It seems like every year we know the nominees for best picture before they even come out, at least we know the roughly 15 films that have a chance at grabbing those 10 or fewer spots. On occasion the Academy will throw the audience a curve ball, like District 9 in 2009 (incidentally my favorite film of that year), but the usual suspects are always pretty easy to spot. Certain types of films are largely ignored by the Academy, and history is littered with classics like, Stanley Kubrick’s 2001: A Space Odyssey that have failed to get a best picture nomination because of their genre. Don’t expect this year to be any different.
2012 was a hallmark year for superhero films, with The Avengers smashing box office records and winning critical acclaim and Christopher Nolan’s Dark Knight trilogy coming to a triumphant close. There was one more superhero film though which really won me over, Chronicle. It didn’t have bombs threatening to blow up cites, it was a much smaller character focused story about how power corrupts. The Academy has never been kind to superhero films, so neither Avengers or Dark Knight Rises has an outside shot, but Chronicle sadly can’t compete with the big boys.
When I first saw the trailer for The Grey I thought it looked incredibly stupid, but I’d enjoyed Joe Callahan’s last couple of dumb action films so I gave it a shot. I had no idea that this was in no way a “dumb action film,” but tragic story about a man’s struggle with wanting to kill himself, then coming face to face with death, and instead choosing to fight on. Every character’s personal journey is moving, and the movie is much more serious than I would have thought possible. However, it is still an action film, even if it isn’t a dumb one, and it came out in February, two huge red flags for the Academy.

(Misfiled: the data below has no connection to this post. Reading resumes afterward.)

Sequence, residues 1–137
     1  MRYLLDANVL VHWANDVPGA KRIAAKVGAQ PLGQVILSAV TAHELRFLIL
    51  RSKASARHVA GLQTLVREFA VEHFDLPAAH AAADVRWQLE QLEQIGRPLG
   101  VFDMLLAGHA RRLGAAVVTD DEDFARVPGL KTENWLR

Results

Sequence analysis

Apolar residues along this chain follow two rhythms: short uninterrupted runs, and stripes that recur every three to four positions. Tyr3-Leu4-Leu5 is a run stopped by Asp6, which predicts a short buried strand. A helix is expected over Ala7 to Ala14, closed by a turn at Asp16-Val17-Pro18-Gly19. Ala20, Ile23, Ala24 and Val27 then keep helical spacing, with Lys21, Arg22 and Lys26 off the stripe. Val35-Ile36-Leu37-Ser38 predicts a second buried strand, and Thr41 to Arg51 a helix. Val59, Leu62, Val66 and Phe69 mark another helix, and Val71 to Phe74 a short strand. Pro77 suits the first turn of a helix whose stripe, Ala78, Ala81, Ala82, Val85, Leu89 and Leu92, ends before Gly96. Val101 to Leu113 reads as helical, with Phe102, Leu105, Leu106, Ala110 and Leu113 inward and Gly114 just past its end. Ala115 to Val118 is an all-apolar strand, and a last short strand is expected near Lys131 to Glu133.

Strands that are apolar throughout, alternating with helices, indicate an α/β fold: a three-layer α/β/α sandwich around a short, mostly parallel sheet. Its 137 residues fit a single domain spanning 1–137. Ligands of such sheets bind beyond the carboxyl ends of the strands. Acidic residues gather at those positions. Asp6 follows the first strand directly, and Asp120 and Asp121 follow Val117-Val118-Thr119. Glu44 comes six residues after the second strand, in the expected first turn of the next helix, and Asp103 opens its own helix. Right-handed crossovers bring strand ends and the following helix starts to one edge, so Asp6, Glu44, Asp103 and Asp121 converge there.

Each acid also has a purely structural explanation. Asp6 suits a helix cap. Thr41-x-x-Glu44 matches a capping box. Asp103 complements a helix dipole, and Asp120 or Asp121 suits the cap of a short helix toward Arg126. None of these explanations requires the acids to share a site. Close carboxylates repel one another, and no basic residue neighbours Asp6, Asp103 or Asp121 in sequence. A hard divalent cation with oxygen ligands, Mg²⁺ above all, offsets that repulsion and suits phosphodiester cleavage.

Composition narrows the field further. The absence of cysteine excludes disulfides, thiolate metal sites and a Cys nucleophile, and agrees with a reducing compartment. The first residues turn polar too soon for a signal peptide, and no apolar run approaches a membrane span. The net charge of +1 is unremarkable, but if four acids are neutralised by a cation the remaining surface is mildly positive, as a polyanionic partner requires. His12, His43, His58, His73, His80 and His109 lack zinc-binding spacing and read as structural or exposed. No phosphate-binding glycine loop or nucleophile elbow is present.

The Hunger Games is in the classic tradition of the dystopian future science fiction film, referencing; government control, the differences between social classes and of course reality T.V. Other than the shaky cam there isn’t much to complain about, both fans of the books and those new to the film thoroughly enjoyed it, along with critics. The cast is stellar, led by rising star Jennifer Lawrence who will likely be up for her second acting Oscar nomination in three years. If any film on this list were to be the surprise nomination it would be this, but in a year where even The Hobbit is a longshot things don’t look good.